Several studies suggested that gold nanoparticles (NPs) could be genotoxic in vitro and in vivo. However, gold NPs have currently produced present a wide range of sizes and functionalization, which could affect their interactions with the environment or with biological structures and, thus, modify their toxic effects. In this study, we investigated the role of surface charge in determining the genotoxic potential of gold NPs, as measured by the induction of DNA damage (comet assay) and chromosomal damage (micronucleus assay) in human bronchial epithelial BEAS-2B cells. The cellular uptake of gold NPs was assessed by hyperspectral imaging. Two core sizes (~5 nm and ~20 nm) and three functionalizations representing negative (carboxylate), positive (ammonium), and neutral (poly(ethylene glycol); (PEG)ylated) surface charges were examined. Cationic ammonium gold NPs were clearly more cytotoxic than their anionic and neutral counterparts, but genotoxicity was not simply dependent on functionalization or size, since DNA damage was induced by 20-nm ammonium and PEGylated gold NPs, while micronucleus induction was increased by 5-nm ammonium and 20-nm PEGylated gold NPs. The 5-nm carboxylated gold NPs were not genotoxic, and evidence on the genotoxicity of the 20-nm carboxylated gold NPs was restricted to a positive result at the lowest dose in the micronucleus assay. When interpreting the results, it has to be taken into account that cytotoxicity limited the doses available for the ammonium-functionalized gold NPs and that gold NPs have earlier been described to interfere with the comet assay procedure, possibly resulting in a false positive result. In conclusion, our findings show that the cellular uptake and cytotoxicity of gold NPs are clearly enhanced by positive surface charge, but neither functionalization nor size can single-handedly account for the genotoxic effects of the gold NPs.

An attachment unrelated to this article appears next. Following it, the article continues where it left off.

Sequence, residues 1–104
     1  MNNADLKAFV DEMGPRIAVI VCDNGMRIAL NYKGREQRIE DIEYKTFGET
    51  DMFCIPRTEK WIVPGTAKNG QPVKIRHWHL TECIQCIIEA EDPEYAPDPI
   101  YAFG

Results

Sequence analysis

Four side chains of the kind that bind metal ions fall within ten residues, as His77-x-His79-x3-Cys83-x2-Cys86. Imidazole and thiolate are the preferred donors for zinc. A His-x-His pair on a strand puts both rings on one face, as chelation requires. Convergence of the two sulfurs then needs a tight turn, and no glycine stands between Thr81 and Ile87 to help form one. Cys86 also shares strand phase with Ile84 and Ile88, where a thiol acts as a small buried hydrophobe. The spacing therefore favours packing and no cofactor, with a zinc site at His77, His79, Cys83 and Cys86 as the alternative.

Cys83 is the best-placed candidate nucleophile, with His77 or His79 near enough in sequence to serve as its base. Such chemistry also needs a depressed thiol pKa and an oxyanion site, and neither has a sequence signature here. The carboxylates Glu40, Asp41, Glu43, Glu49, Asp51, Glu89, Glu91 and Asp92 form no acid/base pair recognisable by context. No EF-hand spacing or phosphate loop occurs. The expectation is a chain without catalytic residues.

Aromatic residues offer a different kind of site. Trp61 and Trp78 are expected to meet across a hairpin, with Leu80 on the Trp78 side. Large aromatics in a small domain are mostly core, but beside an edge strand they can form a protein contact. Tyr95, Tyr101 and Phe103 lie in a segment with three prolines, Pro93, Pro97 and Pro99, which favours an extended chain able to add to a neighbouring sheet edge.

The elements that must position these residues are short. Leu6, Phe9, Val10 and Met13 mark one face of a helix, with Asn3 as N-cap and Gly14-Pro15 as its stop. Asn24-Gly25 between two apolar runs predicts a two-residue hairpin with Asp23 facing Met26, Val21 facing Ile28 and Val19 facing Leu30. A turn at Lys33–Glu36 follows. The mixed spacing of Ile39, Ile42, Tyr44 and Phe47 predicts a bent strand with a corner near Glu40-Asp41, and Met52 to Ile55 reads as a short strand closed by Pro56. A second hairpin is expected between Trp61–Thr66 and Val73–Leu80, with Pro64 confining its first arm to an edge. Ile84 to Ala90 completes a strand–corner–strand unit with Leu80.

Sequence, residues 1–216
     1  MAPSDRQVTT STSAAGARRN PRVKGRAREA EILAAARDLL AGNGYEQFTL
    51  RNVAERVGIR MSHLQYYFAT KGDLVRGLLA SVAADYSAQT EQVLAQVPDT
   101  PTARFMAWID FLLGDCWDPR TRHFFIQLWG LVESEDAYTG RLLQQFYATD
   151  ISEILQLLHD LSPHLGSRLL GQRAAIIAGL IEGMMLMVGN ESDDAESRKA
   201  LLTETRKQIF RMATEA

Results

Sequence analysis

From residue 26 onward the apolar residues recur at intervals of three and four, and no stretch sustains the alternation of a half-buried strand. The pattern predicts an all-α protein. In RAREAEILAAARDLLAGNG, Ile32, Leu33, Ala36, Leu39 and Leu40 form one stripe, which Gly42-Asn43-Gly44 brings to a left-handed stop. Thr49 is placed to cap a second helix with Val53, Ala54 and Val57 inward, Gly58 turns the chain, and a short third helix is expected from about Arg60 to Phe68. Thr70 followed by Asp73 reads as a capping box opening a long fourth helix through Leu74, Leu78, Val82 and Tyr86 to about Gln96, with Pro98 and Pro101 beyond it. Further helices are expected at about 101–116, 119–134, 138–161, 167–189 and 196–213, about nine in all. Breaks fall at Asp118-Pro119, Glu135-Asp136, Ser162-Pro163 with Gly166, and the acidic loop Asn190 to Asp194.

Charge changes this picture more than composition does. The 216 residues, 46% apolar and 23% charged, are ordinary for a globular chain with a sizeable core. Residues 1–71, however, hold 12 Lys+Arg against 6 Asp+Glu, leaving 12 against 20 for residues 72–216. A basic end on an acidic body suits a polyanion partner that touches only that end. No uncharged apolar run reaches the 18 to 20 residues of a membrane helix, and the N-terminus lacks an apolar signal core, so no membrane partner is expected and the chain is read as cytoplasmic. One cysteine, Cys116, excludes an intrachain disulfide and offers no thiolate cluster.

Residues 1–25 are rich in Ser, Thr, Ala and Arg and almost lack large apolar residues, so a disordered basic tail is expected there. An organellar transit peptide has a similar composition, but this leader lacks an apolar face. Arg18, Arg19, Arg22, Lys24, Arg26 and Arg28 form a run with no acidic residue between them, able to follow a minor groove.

This is an open access article distributed under the Creative Commons Attribution License
which permits unrestricted use, distribution, and reproduction in any medium, provided the original work is properly cited